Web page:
When I was a kid, this was always a busy week. There was planning for the big meal next Sunday. Would it be ham or lamb? Some years, I’d have a new suit – usually a couple sizes too big, so I could grow into it. My mother would be cleaning the house for company. There were eggs to dye and chocolate to look forward to.
For a lot of us, it can still be a time for planning.
But before we get too caught up in next Sunday, we need this Sunday. We need to remember.
Remember that the crowd that cheered Jesus also condemned him.
Remember that the voices praising him also called for his death.
Remember that those who loved him and promised loyalty also abandoned him, denied him, and betrayed him.
And if you want to know who did that, just look at the palm branches in our hands.
We are guilty.
While we may not want to admit it, Christ’s Passion goes on today. Our betrayal of him continues, in ways large and small.
How often do we praise God on Sunday…and damn Him on Monday?
How often do we shrug Him off when things become too difficult or the rules too hard or the demands of the Christian life too taxing?
How often do we treat love as just a sentiment for greeting cards, and not a command for living?
How often do we see suffering in the faces of those in need, and simply turn away?
Christ continues to bleed and weep and cry out, “Why have you abandoned me?” He cries out today to us. Whatever you do to the least of these, he said, you do to me.
What do we do?
We encounter him on the subway, step over him on the sidewalk, and go out of our way to avoid him when we feel like he might make demands on our time.At the office, we make jokes at his expense, or spread gossip about him at the water cooler. We suck up to people who are more popular, or attractive, or influential at work – and barely give the unimportant person who answers the phone the time of day.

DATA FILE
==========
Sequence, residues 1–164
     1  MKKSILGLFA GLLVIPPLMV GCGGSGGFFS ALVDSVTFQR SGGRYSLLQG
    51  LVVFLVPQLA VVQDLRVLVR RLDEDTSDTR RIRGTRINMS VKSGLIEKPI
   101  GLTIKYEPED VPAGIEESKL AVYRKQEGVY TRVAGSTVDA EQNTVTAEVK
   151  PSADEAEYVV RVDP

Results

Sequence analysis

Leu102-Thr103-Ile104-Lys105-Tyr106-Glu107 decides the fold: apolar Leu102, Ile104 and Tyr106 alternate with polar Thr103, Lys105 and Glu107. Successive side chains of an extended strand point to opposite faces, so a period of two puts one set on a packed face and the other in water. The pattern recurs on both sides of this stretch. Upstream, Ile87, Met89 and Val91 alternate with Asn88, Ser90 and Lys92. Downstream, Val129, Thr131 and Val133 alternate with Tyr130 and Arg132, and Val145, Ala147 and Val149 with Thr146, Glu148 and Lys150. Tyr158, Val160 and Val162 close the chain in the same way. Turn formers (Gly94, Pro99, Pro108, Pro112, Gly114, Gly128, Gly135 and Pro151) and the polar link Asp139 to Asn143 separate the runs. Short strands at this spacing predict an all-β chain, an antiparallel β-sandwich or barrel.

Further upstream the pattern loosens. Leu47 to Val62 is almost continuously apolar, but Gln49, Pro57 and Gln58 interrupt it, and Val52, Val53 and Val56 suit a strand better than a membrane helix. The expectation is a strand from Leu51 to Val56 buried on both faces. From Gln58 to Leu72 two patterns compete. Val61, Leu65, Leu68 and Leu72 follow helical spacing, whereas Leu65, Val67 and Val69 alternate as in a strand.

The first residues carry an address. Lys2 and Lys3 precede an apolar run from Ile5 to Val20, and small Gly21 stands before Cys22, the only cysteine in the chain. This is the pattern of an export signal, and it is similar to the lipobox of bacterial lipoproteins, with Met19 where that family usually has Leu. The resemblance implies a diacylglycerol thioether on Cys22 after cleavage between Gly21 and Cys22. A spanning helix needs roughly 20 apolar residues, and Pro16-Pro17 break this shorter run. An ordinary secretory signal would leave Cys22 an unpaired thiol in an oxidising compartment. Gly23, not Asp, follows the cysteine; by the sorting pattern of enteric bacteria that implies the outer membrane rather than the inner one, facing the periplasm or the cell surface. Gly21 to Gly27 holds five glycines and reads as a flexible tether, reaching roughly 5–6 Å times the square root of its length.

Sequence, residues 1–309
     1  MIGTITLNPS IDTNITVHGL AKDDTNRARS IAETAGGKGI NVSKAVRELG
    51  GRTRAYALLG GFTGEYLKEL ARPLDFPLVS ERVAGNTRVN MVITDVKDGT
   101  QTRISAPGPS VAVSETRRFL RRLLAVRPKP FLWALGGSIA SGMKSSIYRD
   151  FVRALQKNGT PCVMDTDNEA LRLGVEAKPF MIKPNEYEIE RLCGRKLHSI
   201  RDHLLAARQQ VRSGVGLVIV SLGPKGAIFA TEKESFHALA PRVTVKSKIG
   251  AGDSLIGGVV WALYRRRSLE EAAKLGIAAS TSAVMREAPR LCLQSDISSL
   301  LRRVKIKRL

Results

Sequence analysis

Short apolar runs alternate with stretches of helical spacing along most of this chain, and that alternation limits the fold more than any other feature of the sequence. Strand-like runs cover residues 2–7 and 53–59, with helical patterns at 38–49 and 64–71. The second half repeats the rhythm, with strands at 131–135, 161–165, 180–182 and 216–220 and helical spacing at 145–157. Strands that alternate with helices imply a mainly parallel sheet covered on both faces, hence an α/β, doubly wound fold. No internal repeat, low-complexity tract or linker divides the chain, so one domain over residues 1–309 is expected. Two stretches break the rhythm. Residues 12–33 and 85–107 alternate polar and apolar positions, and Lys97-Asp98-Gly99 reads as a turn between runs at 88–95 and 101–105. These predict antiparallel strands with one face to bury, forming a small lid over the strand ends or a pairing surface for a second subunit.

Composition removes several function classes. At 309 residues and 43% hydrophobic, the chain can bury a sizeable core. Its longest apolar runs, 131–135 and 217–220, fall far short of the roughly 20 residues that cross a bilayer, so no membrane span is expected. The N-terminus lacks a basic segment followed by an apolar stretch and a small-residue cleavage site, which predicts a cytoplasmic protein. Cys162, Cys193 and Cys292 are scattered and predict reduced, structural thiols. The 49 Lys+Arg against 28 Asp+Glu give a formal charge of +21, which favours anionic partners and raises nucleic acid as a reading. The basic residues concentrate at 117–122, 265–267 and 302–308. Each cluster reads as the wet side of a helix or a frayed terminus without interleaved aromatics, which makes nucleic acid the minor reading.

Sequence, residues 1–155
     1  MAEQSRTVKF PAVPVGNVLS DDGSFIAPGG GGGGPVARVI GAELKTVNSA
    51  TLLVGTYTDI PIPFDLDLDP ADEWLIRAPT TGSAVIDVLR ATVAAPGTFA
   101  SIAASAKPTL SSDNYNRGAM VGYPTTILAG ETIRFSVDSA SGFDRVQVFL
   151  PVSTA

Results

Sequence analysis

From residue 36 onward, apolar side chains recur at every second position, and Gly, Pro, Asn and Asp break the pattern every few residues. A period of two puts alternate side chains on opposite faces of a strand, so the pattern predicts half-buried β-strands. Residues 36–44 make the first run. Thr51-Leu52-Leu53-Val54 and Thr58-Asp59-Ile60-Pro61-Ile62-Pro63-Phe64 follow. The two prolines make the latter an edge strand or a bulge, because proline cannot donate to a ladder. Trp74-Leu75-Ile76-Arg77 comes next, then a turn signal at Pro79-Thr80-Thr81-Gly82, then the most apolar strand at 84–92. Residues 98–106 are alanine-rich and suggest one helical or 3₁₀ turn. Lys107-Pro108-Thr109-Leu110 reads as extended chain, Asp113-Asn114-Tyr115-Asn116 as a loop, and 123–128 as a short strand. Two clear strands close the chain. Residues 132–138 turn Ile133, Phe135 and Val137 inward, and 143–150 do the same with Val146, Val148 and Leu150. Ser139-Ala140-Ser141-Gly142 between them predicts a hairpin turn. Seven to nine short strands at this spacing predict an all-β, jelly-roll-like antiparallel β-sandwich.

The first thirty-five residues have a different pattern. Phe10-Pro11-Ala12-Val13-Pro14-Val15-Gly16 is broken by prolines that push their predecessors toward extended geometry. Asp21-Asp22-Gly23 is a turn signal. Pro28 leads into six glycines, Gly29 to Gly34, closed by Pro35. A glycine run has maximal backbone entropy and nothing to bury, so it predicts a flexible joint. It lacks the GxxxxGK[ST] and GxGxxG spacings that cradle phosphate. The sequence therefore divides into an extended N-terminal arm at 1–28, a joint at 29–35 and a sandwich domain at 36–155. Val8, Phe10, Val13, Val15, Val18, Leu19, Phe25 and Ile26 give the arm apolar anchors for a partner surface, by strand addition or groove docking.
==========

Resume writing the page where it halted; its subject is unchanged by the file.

Whether we realize it or not, we see Jesus every day, read about him in the papers, hear about him in the news. He is everywhere there is someone who is small, or neglected, or disrespected, or discarded.
He is with the unwanted and unloved, the bullied and abused.
“Why have you abandoned me?”
Do we hear him?
We find ways to justify our choices. But it can’t be denied. Whenever we choose death over life, sin over the gospel, popularity over integrity, indifference or disdain over love – in short, whenever we have turned away from Christ – we who claim to believe in him have, instead, betrayed him.
We have said, “Give us Barabbas.”
We have said, in effect, “Crucify him.”
And we have done it with palms in our hands and the echoes of “Hosanna” in the air.
We need this Sunday to remember that.
And we need these palms as a reminder – and a challenge.
They remind us that we are called to be heralds of Christ – to celebrate him the way they did that day in Jerusalem.
And these palms challenge us to keep crying “Hosanna,” to keep proclaiming the Good News – even when the world tempts us to do otherwise, even when it seems like it would be easier to go with the crowd and simply choose Barabbas.
These palms challenge us to not turn our back and walk away. They challenge us to not step over Christ, or ignore him. And they challenge us not only to remember what we have done to him, but what he has done for us.
That is what this week is about.
Before we look ahead to next Sunday, and the big plans and the big meal, look back. And look within.
And look to these palms.
Look at what we are called to do…and who we are called to be.